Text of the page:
Report on Wan-Ifra Media Laws in India launched

A cosmopolitan panel on law, regulation and media freedom

The virtual launch of the Wan-Ifra Media Law in India Report on 31 October 2020

On the morning of 31 October 2020, a virtual event launched Wan-Ifra’s report on the Media Laws in India. Over two dozen webinar participants witnessed and interacted with a panel of senior and legal journalists and lawyers on the internet. The report, worked on by the World editors forum South Asia chapter of Wan-Ifra, is available in a hard copy version from Wan-Ifra, and is to be yet distributed.

The cosmopolitan panel consisted of Mukund Padmanaban, senior journalist, Krishnadas Rajagopal, legal correspondent of The Hindu, Mahfuz Anam, editor of The Daily Star in Bangladesh, and Geeta Ramaseshan, a senior lawyer. Magdoom Mohamed, head of Wan-Ifra India, opened the webinar, and Shilpa Elizabeth moderated the proceedings, including the audience’s questions.

Padmanabhan initiated the discussion asking how ‘Media Law’ should be defined and outlined questions faced daily by journalists and editors, whether of the law or the process of its application. “Does the sedition law just need to go?” he asked while suggesting that the discussion take up several relevant topics, including contempt of court and civil defamation versus criminal defamation. When getting a first time DWI in Texas state one must know how to get the right legal help.

Panelists pointed out that in many areas, the application of the law to media is problematic. “Sedition is not a stand-alone charge nowadays,” they said, “It is often applied with other charges such as outraging religious feelings.” 

Omnibus charges are often applied by the police and lower courts and amplified by social and electronic media to create wholesale public trials. In many cases, these charges are dismissed by the higher courts. However, as Rajagopal pointed out, even the higher courts dismiss bail applications by journalists by merely passing the buck to other courts that may take as long as six months to hear the application. The intimidation culture was touched on, although the panelists were respectful, and none used the word’ impunity.’

Mahfouz Anam brought up the new threat to the media because of cyber laws and regulations purportedly meant to safeguard the digital space. He referred to the Bangladesh digital security act passed two years ago to restrain using the internet to commit violence, financial crime, and hate speech. He said, “In the past two years, more journalists have been arrested under this act than any other category.”

Anam referred to the separation of powers and the system of checks and balances of the executive, legislative and legal branches of government under which liberal democracies function. He pointed out that the balance is being eroded by the executive branch in recent years, gathering more power to itself, everywhere. “The cyber laws are the new frontier,” he said, “through which the governments are coming through the doors of the news media.”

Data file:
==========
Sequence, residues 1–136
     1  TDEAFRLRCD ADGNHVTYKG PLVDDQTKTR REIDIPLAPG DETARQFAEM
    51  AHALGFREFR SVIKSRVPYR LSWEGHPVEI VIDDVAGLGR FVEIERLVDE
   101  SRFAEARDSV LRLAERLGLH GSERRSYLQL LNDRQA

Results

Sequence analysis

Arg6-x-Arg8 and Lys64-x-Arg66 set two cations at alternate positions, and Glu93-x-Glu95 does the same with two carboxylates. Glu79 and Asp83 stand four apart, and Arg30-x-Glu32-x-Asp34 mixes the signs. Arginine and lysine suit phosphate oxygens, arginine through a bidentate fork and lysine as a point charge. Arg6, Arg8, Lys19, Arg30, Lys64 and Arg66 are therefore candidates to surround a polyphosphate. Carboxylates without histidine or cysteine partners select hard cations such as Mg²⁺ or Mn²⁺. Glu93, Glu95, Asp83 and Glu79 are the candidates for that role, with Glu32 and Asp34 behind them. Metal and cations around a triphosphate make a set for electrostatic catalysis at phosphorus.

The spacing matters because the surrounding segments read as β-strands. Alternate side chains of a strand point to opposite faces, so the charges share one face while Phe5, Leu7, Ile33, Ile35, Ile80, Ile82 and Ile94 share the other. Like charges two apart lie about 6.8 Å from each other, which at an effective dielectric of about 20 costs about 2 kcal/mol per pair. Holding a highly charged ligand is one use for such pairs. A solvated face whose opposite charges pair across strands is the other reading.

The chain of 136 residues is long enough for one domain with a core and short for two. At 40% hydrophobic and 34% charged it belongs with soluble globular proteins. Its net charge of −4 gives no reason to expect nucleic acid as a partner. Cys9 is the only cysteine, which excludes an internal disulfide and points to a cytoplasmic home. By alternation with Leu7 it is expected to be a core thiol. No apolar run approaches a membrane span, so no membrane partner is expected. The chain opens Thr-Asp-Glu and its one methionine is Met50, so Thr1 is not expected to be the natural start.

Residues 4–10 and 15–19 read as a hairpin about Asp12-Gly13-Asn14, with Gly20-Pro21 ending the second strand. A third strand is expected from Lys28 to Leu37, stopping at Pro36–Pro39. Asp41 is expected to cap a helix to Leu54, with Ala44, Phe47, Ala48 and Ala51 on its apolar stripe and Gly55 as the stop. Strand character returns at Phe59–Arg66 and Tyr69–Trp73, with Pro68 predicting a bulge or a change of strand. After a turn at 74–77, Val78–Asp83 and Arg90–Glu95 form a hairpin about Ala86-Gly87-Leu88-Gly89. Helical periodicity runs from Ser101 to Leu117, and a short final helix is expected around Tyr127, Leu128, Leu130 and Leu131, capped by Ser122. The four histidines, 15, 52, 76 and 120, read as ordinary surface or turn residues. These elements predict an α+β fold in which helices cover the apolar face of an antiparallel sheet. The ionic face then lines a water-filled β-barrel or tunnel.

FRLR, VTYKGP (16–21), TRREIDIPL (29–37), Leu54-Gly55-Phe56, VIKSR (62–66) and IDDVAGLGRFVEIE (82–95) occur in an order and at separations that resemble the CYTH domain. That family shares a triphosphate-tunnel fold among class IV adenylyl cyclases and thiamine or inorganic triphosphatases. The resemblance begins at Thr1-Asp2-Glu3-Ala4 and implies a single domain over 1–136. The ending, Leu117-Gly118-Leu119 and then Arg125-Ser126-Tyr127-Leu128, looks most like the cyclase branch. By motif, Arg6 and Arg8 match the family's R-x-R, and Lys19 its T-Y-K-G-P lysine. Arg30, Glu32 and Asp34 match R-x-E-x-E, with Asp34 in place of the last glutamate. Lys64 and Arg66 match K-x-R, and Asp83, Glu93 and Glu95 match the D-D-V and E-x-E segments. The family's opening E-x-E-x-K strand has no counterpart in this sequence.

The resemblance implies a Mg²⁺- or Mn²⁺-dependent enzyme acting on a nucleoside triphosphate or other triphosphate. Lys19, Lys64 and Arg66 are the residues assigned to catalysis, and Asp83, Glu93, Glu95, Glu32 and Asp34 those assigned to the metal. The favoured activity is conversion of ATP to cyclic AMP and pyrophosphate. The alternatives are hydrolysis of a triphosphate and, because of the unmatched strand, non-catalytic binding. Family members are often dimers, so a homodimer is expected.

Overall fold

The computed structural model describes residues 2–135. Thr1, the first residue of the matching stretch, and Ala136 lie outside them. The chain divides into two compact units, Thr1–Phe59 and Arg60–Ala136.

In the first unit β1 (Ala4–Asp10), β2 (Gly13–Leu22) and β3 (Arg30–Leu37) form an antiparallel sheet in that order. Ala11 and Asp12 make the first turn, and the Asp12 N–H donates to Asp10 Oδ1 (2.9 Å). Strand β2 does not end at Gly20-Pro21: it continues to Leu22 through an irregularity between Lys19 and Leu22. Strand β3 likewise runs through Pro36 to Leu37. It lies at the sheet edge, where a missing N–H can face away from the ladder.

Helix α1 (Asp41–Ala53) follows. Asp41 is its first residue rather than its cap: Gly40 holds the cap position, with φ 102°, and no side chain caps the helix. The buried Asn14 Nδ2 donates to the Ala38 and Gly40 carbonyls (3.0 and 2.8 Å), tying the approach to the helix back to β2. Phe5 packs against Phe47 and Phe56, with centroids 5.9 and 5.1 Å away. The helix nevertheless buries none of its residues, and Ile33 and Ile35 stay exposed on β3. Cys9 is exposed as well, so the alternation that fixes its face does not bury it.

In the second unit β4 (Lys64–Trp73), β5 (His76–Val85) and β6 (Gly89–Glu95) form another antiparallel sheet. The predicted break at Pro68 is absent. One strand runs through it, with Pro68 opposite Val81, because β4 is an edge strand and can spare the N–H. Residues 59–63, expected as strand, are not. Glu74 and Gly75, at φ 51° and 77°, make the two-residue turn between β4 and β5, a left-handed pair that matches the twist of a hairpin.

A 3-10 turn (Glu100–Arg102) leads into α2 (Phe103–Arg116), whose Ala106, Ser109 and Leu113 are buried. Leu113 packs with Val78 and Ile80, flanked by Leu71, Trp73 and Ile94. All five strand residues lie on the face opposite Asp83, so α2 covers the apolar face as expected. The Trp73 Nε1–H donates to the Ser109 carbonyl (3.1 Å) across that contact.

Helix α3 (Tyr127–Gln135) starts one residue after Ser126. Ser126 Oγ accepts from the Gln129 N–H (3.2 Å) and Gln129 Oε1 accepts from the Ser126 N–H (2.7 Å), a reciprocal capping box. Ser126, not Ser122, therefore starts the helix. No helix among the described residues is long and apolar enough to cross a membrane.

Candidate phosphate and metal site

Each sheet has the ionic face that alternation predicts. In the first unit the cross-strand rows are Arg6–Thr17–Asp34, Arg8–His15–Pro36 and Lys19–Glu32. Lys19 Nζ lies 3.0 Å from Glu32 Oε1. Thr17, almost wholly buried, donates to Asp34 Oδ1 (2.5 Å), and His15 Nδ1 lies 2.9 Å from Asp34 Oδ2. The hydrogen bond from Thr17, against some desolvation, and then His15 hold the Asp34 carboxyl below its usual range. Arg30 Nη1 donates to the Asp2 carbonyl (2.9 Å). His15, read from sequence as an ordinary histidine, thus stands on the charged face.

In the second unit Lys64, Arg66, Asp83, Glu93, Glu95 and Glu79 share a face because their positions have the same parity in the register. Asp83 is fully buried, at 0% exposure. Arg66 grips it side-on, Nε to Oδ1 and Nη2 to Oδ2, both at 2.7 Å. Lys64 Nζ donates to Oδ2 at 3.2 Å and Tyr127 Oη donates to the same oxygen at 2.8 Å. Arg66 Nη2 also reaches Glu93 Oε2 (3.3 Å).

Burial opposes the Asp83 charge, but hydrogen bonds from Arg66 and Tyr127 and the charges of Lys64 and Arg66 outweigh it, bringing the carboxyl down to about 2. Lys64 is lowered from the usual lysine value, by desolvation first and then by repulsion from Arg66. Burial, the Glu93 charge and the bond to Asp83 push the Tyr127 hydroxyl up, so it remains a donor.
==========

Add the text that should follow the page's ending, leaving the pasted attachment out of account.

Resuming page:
An exciting discussion touching many of the concerns of the media was more remarkable because it was taking place at all. it was a hopeful introduction to the as-yet undistributed and unread report. It pointed to ongoing activity, including the training on media law in India being organized for journalists in mid-November. An opportunity for all journalists and others to invest in the freedom of expression and the practical evolution of our democracy.

The Covid-19 pandemic led to the country-wide lockdown on 25 March 2020. It will be two years tomorrow as I write this. What have we learned in this time? Maybe the meaning of resilience since small companies like us have had to rely on our resources and the forbearance of our employees as we have struggled to produce our trade platforms.

The print and packaging industries have been fortunate, although the commercial printing industry is still to recover. We have learned more about the digital transformation that affects commercial printing and packaging. Ultimately digital will help print grow in a country where we are still far behind in our paper and print consumption and where digital is a leapfrog technology that will only increase the demand for print in the foreseeable future.

Web analytics show that we now have readership in North America and Europe amongst the 90 countries where our five platforms reach. Our traffic which more than doubled in 2020, has at times gone up by another 50% in 2021. And advertising which had fallen to pieces in 2020 and 2021, has started its return since January 2022.

As the economy approaches real growth with unevenness and shortages a given, we are looking forward to the PrintPack India exhibition in Greater Noida. We are again appointed to produce the Show Daily on all five days of the show from 26 to 30 May 2022.

It is the right time to support our high-impact reporting and authoritative and technical information with some of the best correspondents in the industry. Readers can power Indian Printer and Publisher’s balanced industry journalism and help sustain us by subscribing.

– Naresh Khanna

Subscribe Now
Previous articleScience in the Newsroom Global Summit 2020
Next articleKomori looking at M&A for growth
Editor of Indian Printer and Publisher since 1979 and Packaging South Asia since 2007. Trained as an offset printer and IBM 360 computer programmer. Active in the movement to implement Indian scripts for computer-aided typesetting. Worked as a consultant and trainer to the Indian print and newspaper industry. Visiting faculty of IDC at IIT Powai in the 1990s. Also founder of IPP Services, Training and Research and has worked as its principal industry researcher since 1999. Author of book: Miracle of Indian Democracy.


Please enter your comment!
Please enter your name here